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The Society's Montepulciano d'Abruzzo 2022
This traditional Italian red is full of flavour and warmth, and is a firm favourite with Wine Society members. It is made for us by Roxan, a small, top-quality co-operative, from the montepulciano grape, grown in vineyards around Rosciano near Pescara on the Adriatic coast. With a cherry and strawberry perfume that leaps out of the glass and a palate that is delightfully fruity but full and rich, it is an excellent partner for full-flavoured cooking. The new label depicts the Apennine wolf, a species found in the Abruzzo, the home of this popular wine.
Price: £7.95 Bottle
Price: £95.00 Case of 12
- Red Wine
- Now to 2025
- 13.5% Alcohol
- no oak influence
- Cork, plastic no capsule
Casa Vinicola Roxan
Montepulciano d’Abruzzo is the seldom overpriced but frequently variable wine made from the eponymous red grape variety on Italy’s Adriatic coast. At its best it is flavoursome, deeply coloured and delightfully fruity. Most of the wine here is produced at winemaking co-operatives.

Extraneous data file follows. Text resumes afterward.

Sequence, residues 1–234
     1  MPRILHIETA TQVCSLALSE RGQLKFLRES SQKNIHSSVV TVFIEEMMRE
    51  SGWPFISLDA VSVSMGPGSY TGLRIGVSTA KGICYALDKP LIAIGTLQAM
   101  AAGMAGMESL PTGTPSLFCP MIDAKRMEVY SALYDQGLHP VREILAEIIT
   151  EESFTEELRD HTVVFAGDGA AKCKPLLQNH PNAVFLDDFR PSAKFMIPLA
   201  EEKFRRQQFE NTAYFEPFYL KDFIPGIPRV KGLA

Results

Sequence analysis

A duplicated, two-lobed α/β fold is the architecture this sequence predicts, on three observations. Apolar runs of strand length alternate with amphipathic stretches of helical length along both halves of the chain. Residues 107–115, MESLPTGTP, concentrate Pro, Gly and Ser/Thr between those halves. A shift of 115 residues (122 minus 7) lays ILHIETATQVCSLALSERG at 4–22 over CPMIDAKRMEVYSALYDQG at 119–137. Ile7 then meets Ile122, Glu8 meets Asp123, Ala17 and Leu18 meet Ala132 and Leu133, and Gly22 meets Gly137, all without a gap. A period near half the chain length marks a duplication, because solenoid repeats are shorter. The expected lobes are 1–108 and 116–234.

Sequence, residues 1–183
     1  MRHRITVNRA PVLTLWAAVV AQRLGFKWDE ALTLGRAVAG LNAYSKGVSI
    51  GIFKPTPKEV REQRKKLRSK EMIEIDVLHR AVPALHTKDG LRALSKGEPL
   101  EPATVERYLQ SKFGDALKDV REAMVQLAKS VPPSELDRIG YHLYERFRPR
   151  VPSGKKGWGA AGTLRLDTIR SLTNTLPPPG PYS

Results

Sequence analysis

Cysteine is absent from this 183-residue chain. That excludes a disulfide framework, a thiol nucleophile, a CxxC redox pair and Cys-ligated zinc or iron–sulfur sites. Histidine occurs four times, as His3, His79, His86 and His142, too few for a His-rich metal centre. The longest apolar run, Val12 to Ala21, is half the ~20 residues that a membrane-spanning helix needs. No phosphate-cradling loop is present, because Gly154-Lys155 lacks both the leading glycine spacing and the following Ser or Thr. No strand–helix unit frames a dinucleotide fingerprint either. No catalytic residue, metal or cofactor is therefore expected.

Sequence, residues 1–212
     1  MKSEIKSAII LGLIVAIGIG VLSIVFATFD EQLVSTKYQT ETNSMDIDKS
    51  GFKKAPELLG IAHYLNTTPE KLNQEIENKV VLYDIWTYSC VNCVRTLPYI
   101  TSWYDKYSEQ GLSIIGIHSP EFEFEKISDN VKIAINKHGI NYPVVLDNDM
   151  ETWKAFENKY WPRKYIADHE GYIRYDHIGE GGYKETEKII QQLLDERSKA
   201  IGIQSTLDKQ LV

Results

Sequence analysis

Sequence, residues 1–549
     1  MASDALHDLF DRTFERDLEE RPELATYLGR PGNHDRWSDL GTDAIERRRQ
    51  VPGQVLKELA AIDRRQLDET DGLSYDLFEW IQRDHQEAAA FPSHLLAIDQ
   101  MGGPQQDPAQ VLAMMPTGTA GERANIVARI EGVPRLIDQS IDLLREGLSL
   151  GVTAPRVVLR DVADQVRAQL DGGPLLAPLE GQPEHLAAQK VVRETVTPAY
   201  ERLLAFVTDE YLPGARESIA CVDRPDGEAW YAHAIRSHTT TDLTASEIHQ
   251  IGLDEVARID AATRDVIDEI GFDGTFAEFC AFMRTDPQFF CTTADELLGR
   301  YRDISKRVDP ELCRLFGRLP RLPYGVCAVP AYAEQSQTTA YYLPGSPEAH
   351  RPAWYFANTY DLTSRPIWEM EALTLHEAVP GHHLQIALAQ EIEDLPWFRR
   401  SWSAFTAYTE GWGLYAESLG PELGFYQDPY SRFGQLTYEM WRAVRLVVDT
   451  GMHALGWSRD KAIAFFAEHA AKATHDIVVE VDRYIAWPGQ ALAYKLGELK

The Society’s version is made by the Roxan co-operative, known for their special relationships with 700 individual growers who, unusually in a co-operative set-up, are given a significant amount of input into the final wines. While up to 1,000 hectares of land is farmed, less than 10% of the grape yield in each vintage is actually bottled by the co-operative which keeps quality control reassuringly strict. These are smooth, stylish wines at the price. The winery itself is located in the town of Rosciano, near Pescara, and each bottling tends to be drawn from vineyard-specific sites.
Buyer Sebastian Payne MW recalls that The Society first looked to buy wines from the Roxan co-operative after Edoardo Valentini, the brilliant but eccentric local winemaker and one of the most influential figures of his generation, sold his surplus grapes to it. Valentini was fiercely secretive, shunning wine critics and the wine establishment in general, yet this particular co-operative was the only one he trusted to turn his grapes into good wine. He died in 2012, but his son continues his estate, and upholds his father’s trust in the Roxan co-operative.